But whenever I get a chance, I do everything in my power to skip that step.  This year,  I wanted to try a slow roasted sauce that didn’t force me to process all those extra pounds of tomatoes.  I was really pleased with the result — the skins almost melt away after hours in the slow oven and once pureed, you’d never know they were there.  And feel free to flavor the sauce any way you see fit.  Obviously you could use a lot more herbs, add other vegetables (like eggplant, fresh fennel, or zucchini, etc.), cook ground beef, veal, or sausage in the final product for meat sauce, or go the fra diavlo route and spice it up with red pepper flakes or chiles.

All you need is a really big roasting pan (like what you would use for a big turkey), lots of time in the oven with the occasional stir, and a blender or immersion blender.  And I promise, you won’t burn one finger trying to peel a hot tomato.


Slow Roasted Plum Tomato Sauce with Basil

Makes about 3 or 4 large jars ( or 10-12 cups of sauce)

1-2 large onions, peeled and roughly chopped
1 head of garlic, peeled and roughly chopped
2-4 sweet peppers, stemmed and roughly chopped
8-10 pounds of Roma Tomatoes (that was about 36 large ones for me), cored and halved
1/2 cup olive oil
1/4 cup of honey
1/4 cup of balsamic vinegar
3 t sea salt
1-2 t freshly ground pepper
2 t dried oregano
1 t fennel seeds
2 bay leaves
3-4 T red wine
Additional Salt, Pepper, and Sugar/Honey to taste
2 big handfuls of basil, chopped

1.  Preheat oven to 300 degrees F.  In a very large roasting pan, combine the onion, garlic, peppers, tomatoes, olive oil, honey, balsamic vinegar, salt, pepper, oregano, fennel, and bay leaves.

2.  Roast tomato mixture in preheated oven for 5-6 hours, stirring every hour or so.  Put your feet up and read a book while your house starts to smell delicious. Or more likely, clean your house and fold some laundry.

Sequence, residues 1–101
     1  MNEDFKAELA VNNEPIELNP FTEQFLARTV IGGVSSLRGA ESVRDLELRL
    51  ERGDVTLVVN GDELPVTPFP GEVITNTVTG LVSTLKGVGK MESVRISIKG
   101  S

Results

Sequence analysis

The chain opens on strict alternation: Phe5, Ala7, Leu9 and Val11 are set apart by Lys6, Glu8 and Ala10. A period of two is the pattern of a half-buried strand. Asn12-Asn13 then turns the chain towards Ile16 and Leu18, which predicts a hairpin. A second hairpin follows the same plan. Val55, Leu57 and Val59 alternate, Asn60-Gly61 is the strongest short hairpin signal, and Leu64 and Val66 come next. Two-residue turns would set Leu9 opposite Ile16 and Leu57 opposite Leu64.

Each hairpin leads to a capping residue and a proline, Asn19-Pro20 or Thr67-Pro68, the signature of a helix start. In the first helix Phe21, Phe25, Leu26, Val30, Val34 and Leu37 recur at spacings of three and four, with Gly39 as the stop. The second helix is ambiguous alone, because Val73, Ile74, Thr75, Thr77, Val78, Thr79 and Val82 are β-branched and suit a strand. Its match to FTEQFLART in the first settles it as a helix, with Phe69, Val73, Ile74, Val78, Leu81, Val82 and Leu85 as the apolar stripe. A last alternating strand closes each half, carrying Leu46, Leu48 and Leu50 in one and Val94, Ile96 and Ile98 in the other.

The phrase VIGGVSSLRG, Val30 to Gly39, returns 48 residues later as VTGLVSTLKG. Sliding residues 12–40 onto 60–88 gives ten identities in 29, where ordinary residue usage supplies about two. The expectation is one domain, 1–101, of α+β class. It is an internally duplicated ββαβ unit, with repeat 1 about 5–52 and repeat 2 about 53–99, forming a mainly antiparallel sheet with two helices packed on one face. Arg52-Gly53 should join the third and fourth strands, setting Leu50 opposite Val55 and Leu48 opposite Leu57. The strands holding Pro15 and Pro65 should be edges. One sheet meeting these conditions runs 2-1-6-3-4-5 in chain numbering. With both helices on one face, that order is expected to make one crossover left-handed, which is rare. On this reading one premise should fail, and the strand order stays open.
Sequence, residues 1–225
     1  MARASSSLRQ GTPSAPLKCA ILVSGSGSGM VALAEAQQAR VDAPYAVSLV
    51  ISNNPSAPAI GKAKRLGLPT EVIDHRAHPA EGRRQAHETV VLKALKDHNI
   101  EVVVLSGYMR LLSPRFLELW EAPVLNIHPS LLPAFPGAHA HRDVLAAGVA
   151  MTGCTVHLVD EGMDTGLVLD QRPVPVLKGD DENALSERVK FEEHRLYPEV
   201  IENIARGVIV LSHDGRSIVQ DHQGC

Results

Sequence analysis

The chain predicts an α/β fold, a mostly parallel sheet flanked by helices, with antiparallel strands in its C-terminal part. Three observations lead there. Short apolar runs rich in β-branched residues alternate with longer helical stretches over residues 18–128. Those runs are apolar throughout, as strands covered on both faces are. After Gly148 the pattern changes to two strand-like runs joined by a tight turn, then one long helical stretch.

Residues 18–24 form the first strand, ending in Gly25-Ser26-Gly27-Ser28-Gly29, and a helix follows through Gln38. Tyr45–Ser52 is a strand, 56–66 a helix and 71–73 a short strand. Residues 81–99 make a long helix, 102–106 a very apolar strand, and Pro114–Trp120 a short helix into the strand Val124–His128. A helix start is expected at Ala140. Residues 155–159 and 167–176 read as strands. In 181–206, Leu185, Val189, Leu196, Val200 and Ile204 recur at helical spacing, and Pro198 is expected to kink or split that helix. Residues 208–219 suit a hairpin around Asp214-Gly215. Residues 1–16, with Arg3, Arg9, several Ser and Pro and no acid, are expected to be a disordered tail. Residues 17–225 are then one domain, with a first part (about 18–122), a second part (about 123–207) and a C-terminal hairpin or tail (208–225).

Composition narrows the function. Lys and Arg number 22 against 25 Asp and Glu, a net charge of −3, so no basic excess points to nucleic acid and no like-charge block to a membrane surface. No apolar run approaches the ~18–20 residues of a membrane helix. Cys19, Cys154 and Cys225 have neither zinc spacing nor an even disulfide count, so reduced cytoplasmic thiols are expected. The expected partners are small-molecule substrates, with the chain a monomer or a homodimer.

3.  Remove from oven and let cool slightly.  Remove bay leaves.  Puree with immersion blender or in traditional blender (cool mixutre a little more if using a traditional blender and be very careful to keep lid off slightly and covered with a towel so the steam can escape).

4.  Add red wine and taste for seasoning –adding more salt or pepper if needed.  And if your tomatoes are on the acidic side, you might need to add more honey or sugar.

5.  Stir in chopped basil and serve as is or put in containers to freeze.


Grilled Mexican Corn

In our house, we love the movie Nacho Libre.  Of course it is silly, but it is also heartwarming and touching in many ways (with a great soundtrack too).  Thankfully, most of it is safe for children because it is one of their favorites — but I am a little liberal when it comes to movies. Every time we see it, I seem to enjoy it more.

In one scene, Steven is eating street corn and it always looked absolutely delicious.  And when he offers it to Nacho, he yells “get that corn outta my face” and swats it away. It has become a standard line in our house anytime corn is served.  Actually, movie lines are a big part of almost everything we do (Hello National Lampoon’s Vacation? We can’t start a trip without some reference to it.  OK, so maybe not that part I linked to though.)


When we saw that a local vendor started serving grilled corn at our farmer’s market, I immediately told the kids we were going to have Nacho’s “Get That Corn Outta My Face” for lunch that day.  After trying it, my three year old decided we needed to call it “Get That Corn In My Face.”  He devoured it.  And then, somehow, ideas for Mexican Corn or Cuban Corn were everywhere.  I saw recipes in Cooks Illustrated and my hometown newspaper all in the same week.  It is apparently the “Tuscan” anything or the dulce de leche of this summer — somehow everyone decides it’s popular and pretty soon Pizza Hut is serving it.


I decided I was going to figure out my version of it in time for corn season — even though I generally don’t fuss too much with corn beyond boiling, buttering, and salting.  I never want to risk the fleeting season by wasting a dozen ears on a dumb recipe.  This, however, is worth it.  It is divine.  I will warn you that it is rich — much richer than the corn you are probably used to.  Grilling the corn really enhances the sweetness and the kernels lose a little bit of their pop, making it almost meaty.  The toppings make it even richer — so it’s almost a meal in itself. Definitely serve it with something light.  If I could get my act together, I’d love to have a grilled corn party where I serve nothing but corn in this style with lots of different sauces and toppings.  What a great end of summer party that would be …  served up with appetizers and lots of real margaritas.  And, of course, we’d all have to wear our stretchy pants.